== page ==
Legal Philosophy Research Group (LPRG)
Attention all students interested in Law and Politics!
Beginning in Fall 2011 join the Legal Philosophy Research Group (LPRG) and help Profs. Waller and Sterling write the book What is Judicial Activism? A Debate on Legal and Political Philosophy (Continuum Press, under contract). Prof. Karen Swenson, J.D. will also be working with the group to make sure that we all understand the relevant legal intricacies.
The book will be a written as a dialogue between Prof. Sterling (defending a broadly "conservative" view) and Prof. Waller (defending a broadly "liberal" view). Each chapter will be a back-and-forth discussion with each professor writing a few pages. The discussion will also explore and evaluate important legal arguments (including those of Dworkin, Hart, Scalia, and others.)
This project is supported by a EIU Partnership Grant.
How Can You Get Involved?
There are a couple of ways to get involved:
(1) Join the discussion by adding your name to the LPRG group discussion listserv. Just click on the link, then click "Join this Group." Then after each chapter is written, we will send it out to the whole group for comment/suggestions. Then we will meet to talk about what changes we should make to the chapter before it is published.
(2) Talk to Profs. Waller and Sterling about doing in-depth research. This research can then help in the drafting of responses and ultimately appear in the text of the book. The LPRG has received an EIU grant in order to purchase books for student research. These books are available to check out. Just talk to Profs. Sterling or Waller.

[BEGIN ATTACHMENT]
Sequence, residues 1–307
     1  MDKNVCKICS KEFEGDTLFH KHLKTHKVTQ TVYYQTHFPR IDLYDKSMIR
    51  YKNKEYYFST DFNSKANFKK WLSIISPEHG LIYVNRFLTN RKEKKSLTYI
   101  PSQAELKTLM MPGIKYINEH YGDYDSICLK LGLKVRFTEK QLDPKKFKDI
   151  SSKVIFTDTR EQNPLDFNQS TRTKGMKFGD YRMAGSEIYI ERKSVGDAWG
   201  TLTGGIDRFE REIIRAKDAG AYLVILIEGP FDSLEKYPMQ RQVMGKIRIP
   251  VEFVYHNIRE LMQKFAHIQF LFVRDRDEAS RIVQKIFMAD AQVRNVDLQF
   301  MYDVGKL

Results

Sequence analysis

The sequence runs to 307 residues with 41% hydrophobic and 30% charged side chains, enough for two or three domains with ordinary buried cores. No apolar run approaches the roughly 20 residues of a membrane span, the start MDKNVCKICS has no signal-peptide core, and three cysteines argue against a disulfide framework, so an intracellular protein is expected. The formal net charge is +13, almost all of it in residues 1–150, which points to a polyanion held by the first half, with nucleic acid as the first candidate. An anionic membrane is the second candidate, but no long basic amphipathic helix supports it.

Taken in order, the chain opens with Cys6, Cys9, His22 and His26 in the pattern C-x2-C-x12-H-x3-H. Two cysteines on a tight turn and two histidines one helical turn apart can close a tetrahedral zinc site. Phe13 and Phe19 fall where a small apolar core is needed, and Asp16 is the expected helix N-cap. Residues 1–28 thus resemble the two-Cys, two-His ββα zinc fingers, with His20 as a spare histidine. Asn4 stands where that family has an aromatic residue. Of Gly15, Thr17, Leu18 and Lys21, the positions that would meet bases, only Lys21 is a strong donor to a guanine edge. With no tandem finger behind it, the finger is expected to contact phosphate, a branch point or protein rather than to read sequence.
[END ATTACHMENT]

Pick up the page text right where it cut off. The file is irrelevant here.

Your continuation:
Who Can Join the LPRG?
Any undergraduate (of any major) or graduate student who is interested in law and politics is welcome to join in the discussion.
Short Formal Book Description
"In this non-polemical and entertaining new book two philosophers (one conservative and one liberal) square off in a substantive and friendly debate on the nature of “judicial activism.” Applying philosophical clarity to this contentious issue, the debate is an ideal introduction for anyone interested in law, philosophy, or politics. The dialogue opens by distinguishing three different areas of “judicial activism”: in relation to common law, statutory law, and constitution law. Each chapter then examines a particular aspect of “judicial activism” in one of these three areas in a back and forth format that is a model of respectful civil discourse."
Introduction: The Many Meanings of “Judicial Activism”
Part I: Foundational Issues
Chapter One: What is the Purpose of the Law?
Part II: “Judicial Activism” in Common and Statutory Law
Chapter Two: Do General Rules Decide Concrete Cases?
Chapter Three: What Role Should Moral Principles Play in the Application of Common and Statutory Law to Particular Cases?
Chapter Four: How Should Precedents Be Interpreted?
Chapter Five: Is There a Sharp Difference Between Applying the Law and Creating the Law?
Part III: "Judicial Activism" in Constitutional Law
Chapter Six: Is the Constitution Dead or Alive?
Chapter Seven: How Do We Identify the “Unenumerated Rights” Protected by the Ninth Amendment of the U.S. Constitution?
Chapter Eight: What Role Should Stare Decisis Play In Constitutional Interpretation?